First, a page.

Wednesday, December 30, 2009

Vacation Photos - Kumbakonam

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Vacation update

One more movie and 10 kms

All movies courtesy Reenu!
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Monday, August 3, 2009

Greatest prime factor of a number: Project Euler Problem 3 in python

I think this converges fairly fast and is also based on the additive nature of primal factors. Further , it kind of leads into why primes get rarer (and hence this can be use to converge to prime factors)

Algorithm explained
Start with the smallest prime(p=2) and divide the evil number (e)
If it divides, extract he largest power of 2 from e possible.
--The divisor now is divisible by a prime factor greater than 2 and can utmost be e/2^i
--increment p to 3 and so on. Also check if e/3 is less than 3. This forms the outer limit

If the smallest prime (p=2) does not divide the number (e), even better for us
-- The number is divisible by something greater than 2 and hence, the other factor is less than e/2.
-- increment p by 1 and check if less than e/2. redo from 1st step

Heres the program,

# Problem 3 - to find the largest prime factor of a number

n= 600851475143


i = gcf = 2
while i <>
if n%i == 0:
x = 1
while (n%(i**x)) == 0:
x = x + 1
z =n/(i**(x-1))
n = z
gcf = z
print i," power ",x-1, " and other divisor is ", z
z = n/i

print "The program is complete and the gratest prime factor is ", gcf

Saturday, May 23, 2009

Path to process maturity - establishing benchmark processes

Simplify, understand, deploy and then enrich

Establishing a process from a benchmark, is not straightforward. While most people beleive that the benchmark shoul help bring them to maturity,

The process of establishment is a 4 step process

1. Take the benchmark and simplify - water it down and you will hate yourself for doing it
2. Get people to understand the elements, intent and purpose. Very often a complex process evokes fear, hence, having a process with just the core (obvious) intent fulfilled is a good starting point.
3 and 4. Use the process a couple of times, each time enriching the process. Ensure that the next project builds on the past projects process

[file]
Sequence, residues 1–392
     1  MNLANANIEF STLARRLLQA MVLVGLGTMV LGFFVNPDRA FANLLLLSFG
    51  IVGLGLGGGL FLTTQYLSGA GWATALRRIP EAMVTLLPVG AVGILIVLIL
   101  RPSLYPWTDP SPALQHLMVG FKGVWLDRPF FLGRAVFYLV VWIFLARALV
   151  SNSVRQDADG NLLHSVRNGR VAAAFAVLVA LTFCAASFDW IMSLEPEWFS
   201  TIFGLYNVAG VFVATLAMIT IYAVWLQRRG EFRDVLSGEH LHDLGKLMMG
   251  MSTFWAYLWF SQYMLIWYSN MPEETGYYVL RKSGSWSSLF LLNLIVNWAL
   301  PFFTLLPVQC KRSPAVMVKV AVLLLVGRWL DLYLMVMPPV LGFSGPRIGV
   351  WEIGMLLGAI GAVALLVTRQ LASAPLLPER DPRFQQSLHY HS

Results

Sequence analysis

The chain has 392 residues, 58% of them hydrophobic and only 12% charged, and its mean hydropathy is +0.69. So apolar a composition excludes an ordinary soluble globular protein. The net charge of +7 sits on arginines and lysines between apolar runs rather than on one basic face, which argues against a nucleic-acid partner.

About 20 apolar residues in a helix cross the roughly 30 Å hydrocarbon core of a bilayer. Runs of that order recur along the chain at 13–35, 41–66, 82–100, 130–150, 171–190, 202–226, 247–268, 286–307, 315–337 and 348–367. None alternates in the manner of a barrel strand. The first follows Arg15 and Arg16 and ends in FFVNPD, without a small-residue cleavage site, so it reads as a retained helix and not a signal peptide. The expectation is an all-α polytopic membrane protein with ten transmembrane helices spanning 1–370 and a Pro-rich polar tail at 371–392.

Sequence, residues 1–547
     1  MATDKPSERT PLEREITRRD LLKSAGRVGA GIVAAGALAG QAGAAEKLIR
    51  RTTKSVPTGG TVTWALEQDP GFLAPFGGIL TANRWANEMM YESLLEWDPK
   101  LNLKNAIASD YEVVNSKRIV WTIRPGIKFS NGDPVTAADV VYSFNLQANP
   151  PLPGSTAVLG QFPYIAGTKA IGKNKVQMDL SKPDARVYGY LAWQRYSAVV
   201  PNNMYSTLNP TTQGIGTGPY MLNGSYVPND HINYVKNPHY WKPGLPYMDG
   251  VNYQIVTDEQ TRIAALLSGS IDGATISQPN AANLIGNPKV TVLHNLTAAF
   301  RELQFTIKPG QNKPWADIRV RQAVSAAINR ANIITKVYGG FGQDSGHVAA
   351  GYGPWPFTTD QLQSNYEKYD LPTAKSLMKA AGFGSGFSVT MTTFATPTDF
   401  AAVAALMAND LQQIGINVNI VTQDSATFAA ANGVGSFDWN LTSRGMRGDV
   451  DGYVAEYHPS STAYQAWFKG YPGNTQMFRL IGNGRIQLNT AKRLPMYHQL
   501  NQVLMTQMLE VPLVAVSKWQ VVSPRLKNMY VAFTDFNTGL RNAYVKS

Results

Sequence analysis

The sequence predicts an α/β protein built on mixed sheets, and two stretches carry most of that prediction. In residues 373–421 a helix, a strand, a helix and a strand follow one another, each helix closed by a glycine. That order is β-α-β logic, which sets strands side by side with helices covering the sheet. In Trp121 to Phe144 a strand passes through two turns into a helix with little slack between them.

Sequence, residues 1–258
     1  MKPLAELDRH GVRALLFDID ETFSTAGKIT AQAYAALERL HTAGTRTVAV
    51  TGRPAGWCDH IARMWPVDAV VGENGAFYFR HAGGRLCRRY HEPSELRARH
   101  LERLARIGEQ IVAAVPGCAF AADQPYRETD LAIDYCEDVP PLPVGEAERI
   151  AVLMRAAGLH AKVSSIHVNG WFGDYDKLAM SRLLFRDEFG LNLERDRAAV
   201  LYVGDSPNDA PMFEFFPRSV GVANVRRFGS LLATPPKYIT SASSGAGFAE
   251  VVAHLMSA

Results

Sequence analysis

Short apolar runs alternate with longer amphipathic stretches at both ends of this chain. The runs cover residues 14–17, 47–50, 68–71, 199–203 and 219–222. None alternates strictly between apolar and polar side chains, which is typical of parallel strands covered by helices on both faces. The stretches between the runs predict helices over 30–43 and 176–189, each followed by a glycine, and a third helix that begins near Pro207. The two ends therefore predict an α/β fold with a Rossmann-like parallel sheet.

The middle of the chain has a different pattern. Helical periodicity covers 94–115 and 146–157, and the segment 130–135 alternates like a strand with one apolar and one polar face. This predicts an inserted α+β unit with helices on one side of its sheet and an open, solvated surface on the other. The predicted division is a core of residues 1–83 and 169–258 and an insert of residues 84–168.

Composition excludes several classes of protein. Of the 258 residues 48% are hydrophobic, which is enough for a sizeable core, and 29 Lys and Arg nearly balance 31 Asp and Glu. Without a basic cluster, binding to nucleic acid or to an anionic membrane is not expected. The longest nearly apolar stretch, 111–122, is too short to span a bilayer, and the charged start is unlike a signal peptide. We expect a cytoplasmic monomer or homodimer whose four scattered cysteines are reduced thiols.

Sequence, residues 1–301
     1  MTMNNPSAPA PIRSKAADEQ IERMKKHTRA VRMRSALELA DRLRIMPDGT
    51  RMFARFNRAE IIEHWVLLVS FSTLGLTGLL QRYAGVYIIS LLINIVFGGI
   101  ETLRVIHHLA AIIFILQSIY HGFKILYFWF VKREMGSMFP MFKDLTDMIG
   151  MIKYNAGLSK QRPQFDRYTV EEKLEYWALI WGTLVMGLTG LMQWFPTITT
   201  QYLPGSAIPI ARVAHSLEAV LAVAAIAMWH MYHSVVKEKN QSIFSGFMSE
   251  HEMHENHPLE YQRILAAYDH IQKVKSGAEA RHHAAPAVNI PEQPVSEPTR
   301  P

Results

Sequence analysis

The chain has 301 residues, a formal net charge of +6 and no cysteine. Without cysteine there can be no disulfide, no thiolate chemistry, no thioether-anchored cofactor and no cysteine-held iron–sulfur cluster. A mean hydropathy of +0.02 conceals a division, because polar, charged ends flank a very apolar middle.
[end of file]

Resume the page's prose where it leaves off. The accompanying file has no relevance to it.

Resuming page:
One of the key roles of the PMO is to identify with the help of the senior management, the key deliverables from programs and work the above process to the benchmark. We have all heard the statement, it (the benchmark) works in company Y not here. It needs to be suited to our culture and organization. The above are 4 steps to align and get to the benchmark in your organizations context.

Sunday, May 3, 2009

Challenges in moving to a project matrix organizations: People change management

Changing organization structures from a deep functional to a project matrix, involves substantial challenges in people management. There are  broad guidelines that may be useful 
  1. Keep the end in mind - very often it is "courses for horses". You do fit your organization to the best people you have, period. Hence, neither your organization structure nor your role definitions for the new structure will be perfect. It is critical to identify what are the 1~2 items that you will NOT compromise [ Example, when establishing a program management organization, having it function neutral may be a critical rule. You can still accommodate people and new structures , provided you stick to this broad rule]
  2. Changes have to be enforced once decided. There are 3 techniques - most textbooks talk of just two to handle the resistance to change
  • (a) Carrot - make people comfortable and show them the possible growth paths/career plan in the new structure
  • (b) Stick - make organizational compliance mandatory. Preached easily, but difficult to practice with your best guys
  • (c) Inaction! or wait - Several fears arise due to fear of the unknown. In any change management effort, the only way to overcome this residual fear, is not by more written definitions, but often , by pushing the people into their new waters and waiting for them to settle down. [For those of you who have travelled by Indian Railways, passengers are finicky and fight for their seats only till the train starts. For the next 6-10 or 24 hrs they all settle down into well oiled positions without any external intervention. This is probably cultural, but then thats what change management is all about!!]